Defining Power

Power is an elusive force. We can’t see it, hear it, touch it, smell it, or fully understand all its facets; yet, even when we don’t realize it, power is as much a part of our everyday lives as the air we breathe.
 

Hilary nyte

Guest Blog by Maxwell Consulting Group Hilary Nyte

Learn more about Hilary here.

Perhaps because power is so difficult to quantify or recognize, there are countless definitions and theories that try to capture it. To give you a taste of what’s out there, we have focused on four aspects of power that we will unpack further in upcoming posts.

Positional Power

Positional power is likely the most broadly understood description of power. This kind of power was first defined in 1959 by researchers John R.P. French and Bertram Raven in their “Bases of Social Power”. French and Raven gave us the initial five kinds of power listed below; however, since these first five kinds of power were published,  the floodgates have opened to an ever-expanding encyclopedia of traits and strategies used to exercise power.

  • 1. Legitimate Power: usually associated with high-power or high-status titles like “Executive”. This person usually holds the power to punish or reward the employees they supervise.

  •  2. Coercive Power: one’s capacity to punish someone else for their refusal to comply. For example, through fear of losing something important to them (such as salary).

  • 3. Reward Power: one’s capacity to reward someone else for their compliance. For example, offering a promotion or raise.

  • 4. Expert: this power comes from holding knowledge or skills that others do not have. Others look to this person for their expertise in a specific area. For example, when facing a medical issue, we turn to doctors or specialists to help us resolve the problem and trust their recommendations.

  • 5. Referent: power that comes from being someone that others can depend on and look up to. This person is trustworthy and is known as a leader that others want to follow.


Personal Power

The unfortunate reality of power being such a taboo subject is that many of us don’t know that we have Personal Power if we don’t see ourselves as possessing the status, titles, or positional power that are typically recognized as “powerful” in our society.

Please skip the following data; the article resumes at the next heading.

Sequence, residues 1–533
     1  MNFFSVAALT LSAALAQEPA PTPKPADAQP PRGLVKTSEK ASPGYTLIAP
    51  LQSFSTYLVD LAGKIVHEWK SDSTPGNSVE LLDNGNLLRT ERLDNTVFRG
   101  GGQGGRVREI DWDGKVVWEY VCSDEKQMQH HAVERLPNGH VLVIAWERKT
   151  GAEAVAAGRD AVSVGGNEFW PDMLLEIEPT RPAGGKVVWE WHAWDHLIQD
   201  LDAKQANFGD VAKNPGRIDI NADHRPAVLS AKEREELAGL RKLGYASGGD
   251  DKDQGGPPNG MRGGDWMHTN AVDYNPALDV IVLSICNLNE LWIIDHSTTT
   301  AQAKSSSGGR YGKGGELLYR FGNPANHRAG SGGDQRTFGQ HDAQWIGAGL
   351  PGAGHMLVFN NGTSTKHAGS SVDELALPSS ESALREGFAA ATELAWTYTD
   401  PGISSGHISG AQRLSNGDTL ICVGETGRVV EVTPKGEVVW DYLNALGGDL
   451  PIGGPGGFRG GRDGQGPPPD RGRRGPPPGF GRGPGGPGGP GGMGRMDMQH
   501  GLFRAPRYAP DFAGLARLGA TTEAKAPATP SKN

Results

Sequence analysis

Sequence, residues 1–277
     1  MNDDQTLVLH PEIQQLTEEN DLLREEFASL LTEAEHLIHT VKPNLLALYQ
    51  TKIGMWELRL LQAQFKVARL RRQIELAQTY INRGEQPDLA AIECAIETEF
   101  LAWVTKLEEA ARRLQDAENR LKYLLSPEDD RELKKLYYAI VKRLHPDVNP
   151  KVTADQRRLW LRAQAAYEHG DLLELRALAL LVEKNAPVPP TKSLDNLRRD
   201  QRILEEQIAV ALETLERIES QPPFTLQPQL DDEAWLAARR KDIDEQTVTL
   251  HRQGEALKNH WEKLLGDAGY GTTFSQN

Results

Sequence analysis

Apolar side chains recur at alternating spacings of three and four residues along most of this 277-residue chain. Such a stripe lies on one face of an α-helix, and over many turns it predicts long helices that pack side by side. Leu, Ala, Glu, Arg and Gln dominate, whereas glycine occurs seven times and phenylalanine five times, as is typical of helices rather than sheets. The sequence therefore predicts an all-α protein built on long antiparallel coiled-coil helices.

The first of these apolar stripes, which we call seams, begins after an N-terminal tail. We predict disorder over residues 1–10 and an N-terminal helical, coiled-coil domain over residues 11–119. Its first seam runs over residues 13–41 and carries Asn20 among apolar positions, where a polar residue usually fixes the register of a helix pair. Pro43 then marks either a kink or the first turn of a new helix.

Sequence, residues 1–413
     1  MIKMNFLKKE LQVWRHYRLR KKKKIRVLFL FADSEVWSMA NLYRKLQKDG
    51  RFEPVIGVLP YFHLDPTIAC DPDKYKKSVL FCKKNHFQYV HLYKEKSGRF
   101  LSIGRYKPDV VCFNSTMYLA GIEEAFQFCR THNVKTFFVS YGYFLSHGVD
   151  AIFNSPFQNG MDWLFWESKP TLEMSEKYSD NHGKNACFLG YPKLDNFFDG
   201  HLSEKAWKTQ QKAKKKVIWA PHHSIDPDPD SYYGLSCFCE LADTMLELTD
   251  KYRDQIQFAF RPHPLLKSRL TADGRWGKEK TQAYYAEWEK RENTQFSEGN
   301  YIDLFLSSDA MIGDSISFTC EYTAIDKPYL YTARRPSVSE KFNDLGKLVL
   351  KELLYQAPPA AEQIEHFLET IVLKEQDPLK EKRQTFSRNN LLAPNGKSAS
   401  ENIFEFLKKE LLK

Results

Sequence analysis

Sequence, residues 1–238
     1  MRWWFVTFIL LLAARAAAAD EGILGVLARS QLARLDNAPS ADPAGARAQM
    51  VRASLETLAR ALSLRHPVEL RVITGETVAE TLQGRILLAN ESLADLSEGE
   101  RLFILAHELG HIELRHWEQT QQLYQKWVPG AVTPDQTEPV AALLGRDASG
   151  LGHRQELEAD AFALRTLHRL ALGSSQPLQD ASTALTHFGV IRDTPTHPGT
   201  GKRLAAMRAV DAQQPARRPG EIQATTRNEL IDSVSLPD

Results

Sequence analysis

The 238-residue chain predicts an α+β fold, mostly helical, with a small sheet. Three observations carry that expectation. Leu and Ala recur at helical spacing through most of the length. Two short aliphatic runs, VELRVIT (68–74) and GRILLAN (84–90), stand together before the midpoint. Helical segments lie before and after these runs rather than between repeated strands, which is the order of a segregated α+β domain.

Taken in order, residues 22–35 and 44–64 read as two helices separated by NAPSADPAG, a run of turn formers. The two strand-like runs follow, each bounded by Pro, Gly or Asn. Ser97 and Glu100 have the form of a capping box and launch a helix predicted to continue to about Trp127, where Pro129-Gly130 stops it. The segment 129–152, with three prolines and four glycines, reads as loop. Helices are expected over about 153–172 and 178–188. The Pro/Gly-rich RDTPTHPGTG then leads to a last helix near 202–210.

According to Cyndi Suarez, in her article titled “Introduction to Power,” “at the personal level, power shows up as identity.” She goes on to explain that we are powerless when we internalize the idea of power as dominance and fall into patterns of either trying to hold power over others or allowing others to hold power over us. According to Suarez, we are most powerful when we intentionally refuse and unlearn the concept of power as dominance – shifting instead to intentionally creating what we want.

Julie Diamond paints a similar picture in her article, “5 Ways to Cultivate Your Personal Power” by defining personal power as “the inner resource that we can control and which no one can take from us. We are in possession of our Personal Power no matter where we are, or what challenges we face.”

For those of us who were raised in societies that are predominantly focused on positional power, learning that personal power is something everyone inherently has and cannot lose is a revolutionary idea. If everyone had access to this knowledge, and had the resources they needed to tap into their personal power, it stands to reason that we might live in a vastly different world.

How many problems could be resolved if power was embraced as a collaborative, creative, energizing force instead of a struggle for dominance?

HILARY NYTE

Liberatory Power

As mentioned in our last post, Liberatory Power offers us a way to understand and use power from an entirely new paradigm than the positional power most of us are familiar with.